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SBD Global/July 29, 2013/Olympics
Archery, Synchronized Diving, Taekwondo On The Rise In Mexico Following Olympic Success
Published July 29, 2013
ARCHERY: Archery began to gain popularity during the 2008 Beijing Games, when Juan René Serrano of Mexico finished fourth. Mexican Archery Federation President Effy Sanchez said, "The popularity of archery continues to grow. In Baja California they told me that before the medal there were 50 people indicating interest in archery, but there were 150 after the medal. In Yucatán there were 70 archers before the medal and they are beginning this season with 270." A "specific case of this" has taken place at the University of Mexico (UNAM). UNAM Archery Association President Miguel Ángel García said, "Before the London 2012 Games there were 100 occasional archers, and after, there has been between 300 to 500. There are now 100 people practicing archery regularly, and before the Olympics, there were between 30 and 50. At UNAM there has been a complete revolution and we have never had this much growth in our sport. Before the Olympics we had a modest archery field of 35 meters and after London a new 50-meter field that cost more than 2M pesos ($160,000) was created."
SYNCHRONIZED DIVING: After the three medals Mexico won at the London 2012 Games -- two silvers by the duos of Iván García and Germán Sánchez, and Paola Espinosa and Alejandra Orozco and a bronze by Laura Sánchez -- synchronized diving became the sport with the most Olympic medals in the country's history. Still, "it is a sport that does not have a ton of participants, with only 700 members of the Mexican Swimming Federation (FMN)." FMN President Kiril Todorov said, "I have no doubt that based on the results of the last Olympics, Mexico's synchronized divers are currently in their most productive era in terms of image and results, but they still need more participants. We have to spread the sport so that the people can see that it is a sport in which Mexico is among the world's elite."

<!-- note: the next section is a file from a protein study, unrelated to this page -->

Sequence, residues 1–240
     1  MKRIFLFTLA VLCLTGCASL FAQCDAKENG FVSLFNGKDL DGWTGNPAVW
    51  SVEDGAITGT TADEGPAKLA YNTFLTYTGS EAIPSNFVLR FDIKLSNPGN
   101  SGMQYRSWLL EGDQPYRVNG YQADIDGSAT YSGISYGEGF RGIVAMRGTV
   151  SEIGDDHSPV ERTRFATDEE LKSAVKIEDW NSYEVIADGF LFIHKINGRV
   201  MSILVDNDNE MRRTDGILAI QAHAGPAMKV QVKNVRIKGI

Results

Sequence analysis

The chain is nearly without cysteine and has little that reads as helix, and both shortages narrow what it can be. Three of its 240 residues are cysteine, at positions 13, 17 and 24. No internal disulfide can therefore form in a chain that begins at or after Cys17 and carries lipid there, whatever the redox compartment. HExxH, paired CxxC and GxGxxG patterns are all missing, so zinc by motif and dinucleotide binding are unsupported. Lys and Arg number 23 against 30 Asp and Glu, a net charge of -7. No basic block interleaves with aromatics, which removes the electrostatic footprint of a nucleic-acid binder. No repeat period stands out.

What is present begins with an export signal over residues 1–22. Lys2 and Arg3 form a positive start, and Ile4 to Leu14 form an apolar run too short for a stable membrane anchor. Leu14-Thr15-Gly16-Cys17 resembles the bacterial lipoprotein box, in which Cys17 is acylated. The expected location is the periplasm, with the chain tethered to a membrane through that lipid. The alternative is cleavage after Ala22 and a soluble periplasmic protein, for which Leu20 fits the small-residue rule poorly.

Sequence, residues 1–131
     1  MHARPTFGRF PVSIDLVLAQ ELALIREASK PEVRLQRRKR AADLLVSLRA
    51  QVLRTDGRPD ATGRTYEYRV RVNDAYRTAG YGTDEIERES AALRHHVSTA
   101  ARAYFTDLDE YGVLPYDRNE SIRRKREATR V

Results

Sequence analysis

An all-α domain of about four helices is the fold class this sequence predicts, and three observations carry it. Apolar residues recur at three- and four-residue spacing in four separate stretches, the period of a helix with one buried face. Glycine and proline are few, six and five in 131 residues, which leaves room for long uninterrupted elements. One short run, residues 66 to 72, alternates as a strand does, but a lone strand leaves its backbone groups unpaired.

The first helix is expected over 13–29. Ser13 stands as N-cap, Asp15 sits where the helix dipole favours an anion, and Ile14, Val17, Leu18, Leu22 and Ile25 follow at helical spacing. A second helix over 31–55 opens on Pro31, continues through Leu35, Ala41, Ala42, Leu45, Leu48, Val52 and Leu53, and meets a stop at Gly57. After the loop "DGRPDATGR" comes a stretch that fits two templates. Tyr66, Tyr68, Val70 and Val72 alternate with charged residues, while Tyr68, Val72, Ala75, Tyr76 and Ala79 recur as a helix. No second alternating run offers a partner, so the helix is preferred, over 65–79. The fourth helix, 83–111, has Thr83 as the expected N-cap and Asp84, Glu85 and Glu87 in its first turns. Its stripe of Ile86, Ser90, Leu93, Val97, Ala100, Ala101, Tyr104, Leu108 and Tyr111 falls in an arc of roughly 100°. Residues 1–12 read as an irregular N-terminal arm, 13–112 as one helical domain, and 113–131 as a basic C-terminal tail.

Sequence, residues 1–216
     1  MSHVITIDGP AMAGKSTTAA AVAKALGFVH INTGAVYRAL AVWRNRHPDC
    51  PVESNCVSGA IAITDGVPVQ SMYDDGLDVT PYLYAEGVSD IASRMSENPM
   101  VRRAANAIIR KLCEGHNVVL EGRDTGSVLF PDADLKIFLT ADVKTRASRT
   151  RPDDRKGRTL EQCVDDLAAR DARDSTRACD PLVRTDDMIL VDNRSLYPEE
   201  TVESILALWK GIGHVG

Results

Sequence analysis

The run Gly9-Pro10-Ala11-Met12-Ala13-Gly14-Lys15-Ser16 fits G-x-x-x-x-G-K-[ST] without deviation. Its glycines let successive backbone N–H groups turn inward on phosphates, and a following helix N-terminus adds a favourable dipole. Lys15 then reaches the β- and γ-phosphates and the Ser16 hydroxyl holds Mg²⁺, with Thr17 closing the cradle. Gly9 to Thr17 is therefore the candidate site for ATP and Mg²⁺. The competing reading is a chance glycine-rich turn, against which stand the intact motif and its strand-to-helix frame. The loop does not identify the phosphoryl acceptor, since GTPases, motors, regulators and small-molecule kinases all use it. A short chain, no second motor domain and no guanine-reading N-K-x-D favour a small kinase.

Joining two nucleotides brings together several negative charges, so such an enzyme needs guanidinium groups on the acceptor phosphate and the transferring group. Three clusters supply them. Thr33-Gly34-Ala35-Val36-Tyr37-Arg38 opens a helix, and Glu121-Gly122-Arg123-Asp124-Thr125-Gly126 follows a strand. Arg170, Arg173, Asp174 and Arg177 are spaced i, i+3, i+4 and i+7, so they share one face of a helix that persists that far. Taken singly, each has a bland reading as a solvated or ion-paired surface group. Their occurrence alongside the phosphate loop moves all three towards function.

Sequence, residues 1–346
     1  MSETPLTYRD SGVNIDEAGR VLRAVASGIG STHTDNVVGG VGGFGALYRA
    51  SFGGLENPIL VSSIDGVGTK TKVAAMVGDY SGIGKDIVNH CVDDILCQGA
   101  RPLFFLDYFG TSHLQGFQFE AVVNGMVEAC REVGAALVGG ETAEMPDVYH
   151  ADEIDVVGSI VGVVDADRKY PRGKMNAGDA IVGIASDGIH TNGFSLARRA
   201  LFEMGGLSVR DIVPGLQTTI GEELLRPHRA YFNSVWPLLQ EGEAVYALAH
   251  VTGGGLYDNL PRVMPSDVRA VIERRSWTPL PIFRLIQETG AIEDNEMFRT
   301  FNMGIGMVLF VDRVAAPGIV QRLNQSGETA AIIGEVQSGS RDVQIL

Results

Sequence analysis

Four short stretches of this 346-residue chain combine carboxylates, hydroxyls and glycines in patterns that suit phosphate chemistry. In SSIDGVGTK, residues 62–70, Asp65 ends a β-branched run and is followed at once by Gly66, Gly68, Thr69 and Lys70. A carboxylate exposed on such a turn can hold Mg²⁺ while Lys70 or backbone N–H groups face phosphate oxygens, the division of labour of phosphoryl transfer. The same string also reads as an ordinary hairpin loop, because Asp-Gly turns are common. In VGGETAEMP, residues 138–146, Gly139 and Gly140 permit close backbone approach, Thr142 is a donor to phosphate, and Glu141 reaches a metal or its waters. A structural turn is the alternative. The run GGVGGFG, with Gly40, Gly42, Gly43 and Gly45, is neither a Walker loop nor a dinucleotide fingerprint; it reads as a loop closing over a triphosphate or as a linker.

TAEKWONDO: Since taekwondo was included at the 2000 Sydney Games, Mexico "has always had a presence among medalists, and this has allowed the sport's popularity to continue growing and being practiced in schools and at clubs." Mexican Taekwondo Federation President Juan Manuel López said, "Taekwondo's growth has increased and it is now practiced in public and private schools and on sports teams, and this has put our national teams at an impressive level. One example is in Aguascalientes. There, we have increased from 12 schools with taekwondo facilities to 25." In Mexico City, the popularity has "grown so much that there are now 1,500 public places where taekwondo is practiced" (LA AFICION, 7/27).